May 20, 2009
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Wartime chic? Fashion finds from occupied Paris

May 20, 2009

PARIS, May 20, 2009 (AFP) - Nazi-occupied Paris conjures up images of food rationing and scarcity in a climate of fear and repression. It was also a time of garish hats and clunky wooden-heeled shoes.

For the first time, a Paris museum is offering a glimpse at the world's fashion capital during World War II through some 400 accessories: handbags, scarves, shoes and even telltale buttons from those troubled years.

The exhibition opening Wednesday 20 May tells the story of women struggling to maintain a sense of aesthetics during trying times, said Fabienne Falluel, chief curator at the Galliera museum of fashion in Paris.

"Each of these objects bears witness to history," she said of the collection that the Galliera museum has been acquiring since 1981.

Thriftiness was the order of the day, with women making use of old fabrics or leftover strips of material that were restyled, such as a Duvelleroy handbag made in 1942 from old cashmere shawls supplied by customers.

After leather and wool were requisitioned by the Reich, shoe manufacturers turned to wood and cork for soles or easy-to-come-by rabbit fur for winter boots.

Struggling fashion houses made creative use out of all sorts of materials: a brown coat with matching vest made from worn-out upholstery, a hat from wood shavings, dog hair mixed with synthetic fibers to make gloves.

In terms of trends, the minimalist style of the late 30s gave way to extravagance -- big hats, big bags -- partly to compensate for the misery of the times.

"There was this exaggeration that became quite gaudy," said Marie-Laure Gutton, one of the curators at Galliera.

"But at the same time there was a quest and a desire to be beautiful, to overcome the constraints of the time."

Turbans -- easy to wear, warm and practical -- became all the rage.

With beauty salons running out of products, the turban was the perfect accessory to cover up an untidy mop of hair, said Gutton.

-- Handbag tailored to carry gas mask --


Sewing and knitting underwent a revival, with two-page spreads in Marie-Claire and Elle magazines on how to make your own handbag from leftover fabric or raising rabbits at home for fur....

For those still able to afford finery, there was a navy one-piece bomb shelter outfit from the fashion house of Elsa Schiaparelli or a sleek handbag tailored to carry a gas mask.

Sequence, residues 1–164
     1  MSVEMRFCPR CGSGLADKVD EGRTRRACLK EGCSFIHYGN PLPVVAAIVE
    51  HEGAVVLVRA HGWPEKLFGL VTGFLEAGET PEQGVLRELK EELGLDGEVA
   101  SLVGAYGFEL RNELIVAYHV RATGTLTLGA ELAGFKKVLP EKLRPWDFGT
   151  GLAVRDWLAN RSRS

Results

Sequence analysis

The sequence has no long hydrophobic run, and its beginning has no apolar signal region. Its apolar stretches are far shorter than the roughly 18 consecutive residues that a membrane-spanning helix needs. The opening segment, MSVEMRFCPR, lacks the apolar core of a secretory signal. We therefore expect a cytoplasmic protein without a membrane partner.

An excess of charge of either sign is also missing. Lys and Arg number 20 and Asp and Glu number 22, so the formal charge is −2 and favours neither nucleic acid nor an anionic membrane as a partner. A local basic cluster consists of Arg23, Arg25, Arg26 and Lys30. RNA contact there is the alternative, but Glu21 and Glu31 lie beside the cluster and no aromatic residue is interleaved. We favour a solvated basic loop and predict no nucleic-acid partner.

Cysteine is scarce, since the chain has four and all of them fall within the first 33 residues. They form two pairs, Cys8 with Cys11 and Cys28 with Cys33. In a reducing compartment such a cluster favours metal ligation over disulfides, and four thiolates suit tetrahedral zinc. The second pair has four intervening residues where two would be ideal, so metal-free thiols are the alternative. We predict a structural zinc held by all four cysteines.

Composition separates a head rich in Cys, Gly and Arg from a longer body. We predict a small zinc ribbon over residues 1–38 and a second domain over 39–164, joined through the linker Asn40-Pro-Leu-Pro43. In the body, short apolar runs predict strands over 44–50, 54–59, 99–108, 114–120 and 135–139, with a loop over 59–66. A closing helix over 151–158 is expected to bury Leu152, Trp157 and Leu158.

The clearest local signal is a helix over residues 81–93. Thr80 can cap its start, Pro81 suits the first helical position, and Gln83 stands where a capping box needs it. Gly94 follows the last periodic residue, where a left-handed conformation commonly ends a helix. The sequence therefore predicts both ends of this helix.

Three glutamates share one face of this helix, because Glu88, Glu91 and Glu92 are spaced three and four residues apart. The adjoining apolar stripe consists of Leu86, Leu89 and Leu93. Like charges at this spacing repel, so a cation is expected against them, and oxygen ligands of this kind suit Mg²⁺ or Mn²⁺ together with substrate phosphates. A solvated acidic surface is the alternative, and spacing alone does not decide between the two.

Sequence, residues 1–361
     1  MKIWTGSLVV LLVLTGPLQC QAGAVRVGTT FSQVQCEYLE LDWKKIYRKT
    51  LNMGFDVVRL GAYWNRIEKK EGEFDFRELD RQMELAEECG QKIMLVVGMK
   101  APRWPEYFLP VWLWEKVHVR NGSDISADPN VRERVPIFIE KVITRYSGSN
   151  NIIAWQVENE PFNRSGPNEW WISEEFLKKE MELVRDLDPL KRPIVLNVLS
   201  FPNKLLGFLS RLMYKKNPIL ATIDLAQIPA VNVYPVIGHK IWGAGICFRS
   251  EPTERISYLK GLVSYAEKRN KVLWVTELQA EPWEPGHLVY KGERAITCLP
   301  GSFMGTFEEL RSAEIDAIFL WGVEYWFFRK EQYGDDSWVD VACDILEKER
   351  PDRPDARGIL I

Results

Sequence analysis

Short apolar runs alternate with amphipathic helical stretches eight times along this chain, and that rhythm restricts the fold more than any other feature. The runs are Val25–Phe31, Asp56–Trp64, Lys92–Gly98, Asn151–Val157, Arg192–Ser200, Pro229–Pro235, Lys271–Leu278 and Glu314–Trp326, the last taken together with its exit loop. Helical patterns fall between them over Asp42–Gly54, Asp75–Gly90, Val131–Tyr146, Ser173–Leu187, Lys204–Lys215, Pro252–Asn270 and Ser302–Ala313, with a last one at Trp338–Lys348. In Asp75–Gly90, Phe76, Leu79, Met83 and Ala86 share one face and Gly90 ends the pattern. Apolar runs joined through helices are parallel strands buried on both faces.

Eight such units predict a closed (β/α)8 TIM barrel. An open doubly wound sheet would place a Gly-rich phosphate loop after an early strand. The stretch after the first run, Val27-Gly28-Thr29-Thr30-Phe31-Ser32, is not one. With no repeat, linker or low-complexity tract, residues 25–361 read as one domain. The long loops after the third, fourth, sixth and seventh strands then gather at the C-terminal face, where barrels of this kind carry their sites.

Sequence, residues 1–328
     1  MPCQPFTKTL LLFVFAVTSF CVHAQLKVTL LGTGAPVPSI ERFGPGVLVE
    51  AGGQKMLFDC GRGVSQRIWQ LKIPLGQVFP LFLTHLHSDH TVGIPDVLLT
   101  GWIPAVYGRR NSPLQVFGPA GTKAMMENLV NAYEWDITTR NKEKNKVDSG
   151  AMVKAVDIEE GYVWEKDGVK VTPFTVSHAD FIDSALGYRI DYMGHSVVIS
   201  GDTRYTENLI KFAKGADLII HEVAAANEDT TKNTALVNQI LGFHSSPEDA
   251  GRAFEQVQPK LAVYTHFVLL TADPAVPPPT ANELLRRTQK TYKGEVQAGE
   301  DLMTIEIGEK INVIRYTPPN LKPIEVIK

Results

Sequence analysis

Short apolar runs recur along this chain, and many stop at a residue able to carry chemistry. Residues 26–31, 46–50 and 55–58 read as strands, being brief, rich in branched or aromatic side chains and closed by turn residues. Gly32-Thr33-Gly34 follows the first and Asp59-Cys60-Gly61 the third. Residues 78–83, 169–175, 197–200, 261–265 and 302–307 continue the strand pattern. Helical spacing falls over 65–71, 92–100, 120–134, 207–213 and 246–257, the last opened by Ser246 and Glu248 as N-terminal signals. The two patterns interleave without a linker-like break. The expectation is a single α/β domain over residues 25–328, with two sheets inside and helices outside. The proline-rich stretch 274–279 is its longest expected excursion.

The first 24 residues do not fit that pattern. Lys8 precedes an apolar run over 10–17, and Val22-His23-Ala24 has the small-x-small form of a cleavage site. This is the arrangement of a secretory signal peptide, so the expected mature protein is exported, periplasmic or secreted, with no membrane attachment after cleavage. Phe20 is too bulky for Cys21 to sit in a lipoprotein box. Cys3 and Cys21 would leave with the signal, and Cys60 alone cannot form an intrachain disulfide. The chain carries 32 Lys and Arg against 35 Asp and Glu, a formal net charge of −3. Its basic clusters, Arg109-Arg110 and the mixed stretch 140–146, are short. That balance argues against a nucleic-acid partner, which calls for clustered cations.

The Resistance movement was alive in fashion, with some women braving a Nazi ban on tricolour articles by wearing blue-white-and-red buttons or belts.

A brown leather handbag with a secret compartment known to have been used by several female Resistance fighters is on show.

On the other end of the spectrum, silk factory Colcombet produced propaganda paraphernalia with Marshall Petain scarves including "The Marshall's Voyages", a busy print of drawings depicting his travels through the country.

The darker side of the Paris occupation comes to life through the story of Fanny Berger, a Jewish milliner who lost her shop off the Champs Elysees and was deported to Auschwitz where she died in the gas chambers in 1943.

Three of her hats -- all that is known to be left of her creative work -- are on display in the exhibition.

To celebrate the liberation of Paris, the Manoukian and Di Mauro houses produced leather shoes displaying the allied flags. Brooches showing small US army jeeps were a hot item.

The exhibition however seeks to steer clear of the controversy sparked by a Paris museum last year over a photo show that was harshly criticised for allegedly glossing over the dark side of the occupation.

Critics complained that the photographs of smiling Parisians taken by a journalist for a Nazi propaganda magazine failed to give the context to the 1940-1944 occupation of Paris.

"We are trying to be as explicit as possible, but we are not polemicists," said Falluel of the focus on fashion during the occupation.

"We just wanted to show how it was."

The exhibition at the Marechal Leclerc Memorial-Jean Moulin Museum runs until November 15.by Carole Landry

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